The RCMP is set to raid an unknown location in Montreal where 1,000 families claim to live, as part of a crackdown on those believed to be cheating the immigration system, CTV News has learned.

The Montreal raid is part of an initiative by the federal government to find and punish those who are abusing the immigration system in their quest to gain Canadian citizenship.

Immigration Minister Jason Kenney announced on Monday that his department has begun the process of revoking citizenship from up to 3,100 individuals, as investigators probe nearly 11,000 people suspected of lying to become citizens of Canada.

Another 5,000 permanent residents have been flagged for living outside of the country.

In a media briefing Monday morning, Kenney said the government is targeting those individuals in order "to protect the value of Canadian citizenship."

Immigration officials are working with the Canada Border Services Agency and the RCMP, he said, to investigate "nearly 11,000 individuals from more than 100 countries for attempting to cheat."

Nearly 5,000 individuals who are yet to become Canadian citizens have been “flagged for additional security,” Kenney said, explaining that they are either known to be or suspected of trying to defraud the system.

Typically, Kenney said, immigration fraud is perpetrated by unscrupulous consultants who advise would-be Canadians on the best ways to skirt the system.

Some are paid up to $25,000, he said, in order to help clients get around the requirement that permanent residents spend at least three of the four years living in Canada. Similarly, permanent residents must be in Canada for two out of five years in order to maintain their status.

“We want to send a message: “Canadian citizenship is not for sale,” Kenney told CTV’s Power Play Monday.

He stressed that the “vast majority” of Canadian immigrants are “hard-working, tax-paying, law-abiding people.”

“It is those law-abiding immigrants who made me aware that some unscrupulous, crooked consultants were giving people pointers, for a fee…to help them basically cheat our citizenship laws,” he said.

Kenney said he took his concerns about fraudulent residency and citizenship applications to the RCMP and the CBSA about three years ago.

Investigators found that some consultants were creating fake addresses and fake receipts for their clients to assist them in obtaining permanent residency status or Canadian citizenship while they lived elsewhere.

In one case, a Montreal “consultant” even had a fake office -- a door that opened to reveal a brick wall, Kenney told Power Play.

In another case, more than 300 people claimed to be living in an office above a Palestinian cultural centre in Mississauga, Ont.

“They never lived at this address,” said executive director of Palestine House Issam Al-Yamani of the suspicious office. “There was a tenant who was an immigration consultant and he uses his office as an address of the immigrants.”

Criminal charges have already been laid against some immigration consultants, and more are pending, Kenney said.

Since the immigration fraud crackdown was launched, the minister said 600 former permanent residents have either been removed or denied admittance to Canada. Another 500 permanent residents have had their citizenship applications denied.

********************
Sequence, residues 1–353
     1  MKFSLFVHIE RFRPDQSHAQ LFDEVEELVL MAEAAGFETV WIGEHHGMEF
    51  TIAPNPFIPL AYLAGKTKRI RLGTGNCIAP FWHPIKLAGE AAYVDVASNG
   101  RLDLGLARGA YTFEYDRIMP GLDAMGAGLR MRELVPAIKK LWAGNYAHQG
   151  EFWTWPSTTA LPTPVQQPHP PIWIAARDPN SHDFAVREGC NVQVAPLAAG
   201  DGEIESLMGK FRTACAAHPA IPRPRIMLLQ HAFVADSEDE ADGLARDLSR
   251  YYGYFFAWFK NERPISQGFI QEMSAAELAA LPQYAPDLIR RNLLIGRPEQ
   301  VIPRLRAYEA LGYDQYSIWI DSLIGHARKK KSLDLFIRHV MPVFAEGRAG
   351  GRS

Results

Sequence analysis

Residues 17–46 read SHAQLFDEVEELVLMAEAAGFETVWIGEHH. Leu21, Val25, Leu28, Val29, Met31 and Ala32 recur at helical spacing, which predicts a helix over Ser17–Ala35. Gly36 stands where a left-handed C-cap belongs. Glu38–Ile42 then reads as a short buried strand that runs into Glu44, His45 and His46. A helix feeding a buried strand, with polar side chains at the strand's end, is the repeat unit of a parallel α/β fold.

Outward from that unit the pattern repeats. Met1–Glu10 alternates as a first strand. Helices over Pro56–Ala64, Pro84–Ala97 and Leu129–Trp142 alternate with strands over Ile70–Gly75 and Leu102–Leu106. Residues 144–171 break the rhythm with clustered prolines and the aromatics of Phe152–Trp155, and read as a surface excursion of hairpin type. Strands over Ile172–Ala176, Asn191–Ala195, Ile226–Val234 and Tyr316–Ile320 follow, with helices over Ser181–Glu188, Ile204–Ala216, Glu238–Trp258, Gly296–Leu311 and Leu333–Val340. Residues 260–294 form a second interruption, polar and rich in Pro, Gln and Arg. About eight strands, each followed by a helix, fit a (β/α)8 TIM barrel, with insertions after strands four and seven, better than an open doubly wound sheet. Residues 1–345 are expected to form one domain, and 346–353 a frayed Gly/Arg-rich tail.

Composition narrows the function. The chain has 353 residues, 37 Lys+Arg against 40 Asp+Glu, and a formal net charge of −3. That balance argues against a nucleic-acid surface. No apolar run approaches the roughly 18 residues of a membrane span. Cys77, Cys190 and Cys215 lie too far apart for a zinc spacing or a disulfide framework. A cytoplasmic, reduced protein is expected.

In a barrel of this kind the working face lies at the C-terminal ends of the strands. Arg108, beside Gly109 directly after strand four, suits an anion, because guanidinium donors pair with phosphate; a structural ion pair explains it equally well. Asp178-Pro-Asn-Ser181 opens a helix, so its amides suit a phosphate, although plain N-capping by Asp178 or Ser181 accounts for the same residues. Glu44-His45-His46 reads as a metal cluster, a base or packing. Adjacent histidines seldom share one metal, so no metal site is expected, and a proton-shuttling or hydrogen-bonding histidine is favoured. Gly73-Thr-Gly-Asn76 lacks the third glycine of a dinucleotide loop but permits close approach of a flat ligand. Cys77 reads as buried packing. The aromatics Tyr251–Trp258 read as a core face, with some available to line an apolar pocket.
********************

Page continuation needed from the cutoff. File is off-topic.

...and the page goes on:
The fact that another 1,800 individuals abandoned the application process after coming under scrutiny is a sure sign, Kenney said, of how widespread the problem is.

“I think this is just the beginning. These investigations are going to go on for years,” he said.

He also suggested that the previous Liberal government dropped the ball on immigration fraud, partly out of fear of being labelled as “politically incorrect.”

“Between 1947, when the Citizenship Act came into law, and 2010, when we started this crackdown, only 70 people had their citizenship revoked for fraud,” Kenney said.

Part of the government initiative includes plans to license immigration consultants. Consultants will also be required to report to a watchdog agency.

Residency fraud is rampant: lawyer

Toronto immigration lawyer Chantal Desloges said she was surprised by the number of immigration cases under investigation because she believes there are many more.

“There’s so much residency fraud, it would blow your mind,” she told Power Play.

“This is just the tip of the iceberg,” she said. “For some reason, there was always a lack of willpower to tackle the problem.”

Desloges said the main perpetrators of residency fraud are wealthy immigrants who desire, for one reason or another, a Canadian passport.

“What this involves is usually wealthy people who have a good standard of living in their own country and they would like to have immigration to Canada and a Canadian passport simply for the ease of travelling and not needing a visa for other countries,” she said.

Desloges believes that while some would-be Canadians may have been “led down the garden path” by shady immigration consultants, most of those making fraudulent claims knew what they were doing was wrong “at some level.”

Unfortunately, legitimate citizenship applicants may get caught in the dragnet or see their cases delayed because of the government crackdown, she added.

Kenney said the new initiative will send a strong message to those looking to cheat the system.

“By scamming the Canadian immigration system, the gig is up. You can’t do that anymore. You’re running the very high risk of ending up behind bars,” he said.

The minister is encouraging anyone who has information regarding citizenship fraud to call the government’s tip line to report it.

The citizenship fraud tip line can be reached through Citizenship and Immigration Canada's Call Centre at 1-888-242-2100, or via email at The CBSA also runs its own Border Watch Tip Line that can be reached at 1-888-502-9060.

With a report by CTV’s Ottawa Bureau Chief Robert Fife